DoD Aids Electronic Health Records System Initiative
By Gerry J. Gilmore
American Forces Press Service
WASHINGTON, July 21, 2004 The Defense Department will share its expertise using electronic health care records as part of a government initiative that aims to establish and link such a system nationwide by the end of the decade.
Making electronic record-keeping part of the public health care system would improve medical care and save money, Health and Human Services Secretary Tommy G. Thompson noted here today at the HHS-sponsored Secretarial Summit on Health Information Technology.
Across-the-board implementation of health information technology could save the nation about $130 billion a year in health costs, Thompson said. And, he added, use of electronic medical records likely would improve the nation's correct medical treatment rate, currently at 55 percent.
"Don't you think, in America, we deserve (medical) treatment that's better than 55 percent correct?" Thompson asked his audience.
In April, President Bush directed DoD, the Department of Veterans Affairs and the Office of Personnel Management to examine how they'd advance health information technology for public use nationwide in 10 years.
Bush also created an Office of the National Coordinator for Health Information Technology. Dr. David J. Brailer, who also attended the summit, was appointed in May to lead that office.
Implementing health information technology across America, Brailer declared, "is about transformation of (U.S.) health care."
Thompson said he'd soon appoint a leadership panel to estimate the costs and benefits of implementing health information technology nationwide. That panel, he noted, would report back to him in October.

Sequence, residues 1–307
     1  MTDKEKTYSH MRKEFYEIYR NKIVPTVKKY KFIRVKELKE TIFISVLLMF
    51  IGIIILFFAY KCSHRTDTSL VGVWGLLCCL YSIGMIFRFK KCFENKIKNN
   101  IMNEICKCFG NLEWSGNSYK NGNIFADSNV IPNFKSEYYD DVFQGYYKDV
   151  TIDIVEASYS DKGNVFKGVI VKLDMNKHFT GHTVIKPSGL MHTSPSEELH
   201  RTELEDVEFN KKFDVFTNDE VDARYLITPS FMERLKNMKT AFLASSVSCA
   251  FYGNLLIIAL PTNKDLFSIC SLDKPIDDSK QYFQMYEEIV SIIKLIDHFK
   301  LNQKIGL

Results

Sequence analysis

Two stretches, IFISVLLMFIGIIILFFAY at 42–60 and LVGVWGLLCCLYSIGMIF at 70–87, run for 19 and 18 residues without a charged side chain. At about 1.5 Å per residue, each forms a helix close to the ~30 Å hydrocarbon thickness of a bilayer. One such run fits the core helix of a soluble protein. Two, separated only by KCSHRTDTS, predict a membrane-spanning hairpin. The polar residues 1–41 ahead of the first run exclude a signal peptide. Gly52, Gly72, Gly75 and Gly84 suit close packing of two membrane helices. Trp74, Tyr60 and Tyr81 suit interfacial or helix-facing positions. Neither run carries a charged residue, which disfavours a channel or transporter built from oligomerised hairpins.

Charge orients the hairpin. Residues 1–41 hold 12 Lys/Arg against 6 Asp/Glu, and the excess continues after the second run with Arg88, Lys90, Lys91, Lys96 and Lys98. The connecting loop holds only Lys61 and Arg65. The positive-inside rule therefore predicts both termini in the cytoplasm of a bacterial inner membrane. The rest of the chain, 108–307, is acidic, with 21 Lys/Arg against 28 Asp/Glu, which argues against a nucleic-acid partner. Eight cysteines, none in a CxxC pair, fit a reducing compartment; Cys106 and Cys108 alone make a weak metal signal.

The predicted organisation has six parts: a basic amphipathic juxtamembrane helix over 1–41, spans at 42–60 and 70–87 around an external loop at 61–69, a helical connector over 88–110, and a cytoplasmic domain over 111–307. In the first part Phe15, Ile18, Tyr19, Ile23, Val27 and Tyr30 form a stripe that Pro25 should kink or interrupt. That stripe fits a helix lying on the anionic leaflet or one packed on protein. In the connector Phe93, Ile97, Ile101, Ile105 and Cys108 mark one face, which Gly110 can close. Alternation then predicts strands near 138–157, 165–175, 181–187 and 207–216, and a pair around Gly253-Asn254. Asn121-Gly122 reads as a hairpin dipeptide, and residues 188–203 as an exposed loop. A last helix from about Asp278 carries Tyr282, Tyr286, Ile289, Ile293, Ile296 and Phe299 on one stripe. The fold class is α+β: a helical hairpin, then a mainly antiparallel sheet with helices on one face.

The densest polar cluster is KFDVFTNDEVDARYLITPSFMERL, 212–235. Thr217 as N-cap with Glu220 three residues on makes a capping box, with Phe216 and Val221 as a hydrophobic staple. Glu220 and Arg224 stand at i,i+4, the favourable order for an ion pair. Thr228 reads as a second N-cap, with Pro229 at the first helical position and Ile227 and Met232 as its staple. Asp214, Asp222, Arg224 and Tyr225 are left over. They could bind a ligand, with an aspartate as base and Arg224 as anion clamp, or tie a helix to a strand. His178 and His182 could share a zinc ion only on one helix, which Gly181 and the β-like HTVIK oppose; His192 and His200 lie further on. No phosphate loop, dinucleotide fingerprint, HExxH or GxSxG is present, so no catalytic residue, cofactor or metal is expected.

DoD will join with the Department of Veterans Affairs and HHS, explained Dr. William Winkenwerder Jr., assistant secretary of defense for health affairs, in developing "usable standards" for public-sector application of electronic storage and movement of medical information. Winkenwerder attended today's summit with Thompson, Brailer and other health care officials.
Winkenwerder said DoD first used electronic medical record keeping about 12 years ago and is now introducing an updated system.
DoD, through its vast health care system that includes contracted civilian- sourced providers as part of the Tricare system, also would "encourage the use of health information technology and health information exchange" across the private sector, Winkenwerder noted.
And today, Winkenwerder pointed out, DoD is contributing its knowledge to develop a national electronic bio-surveillance system. President Bush today signed legislation establishing Project BioShield, a program that encourages U.S. drug companies to develop antidotes for bio-terrorism agents.
It's logical, Winkenwerder noted, for DoD to share its computer expertise in developing a national electronic health records system. "After all, the Internet did, in fact start at the Department of Defense," he said.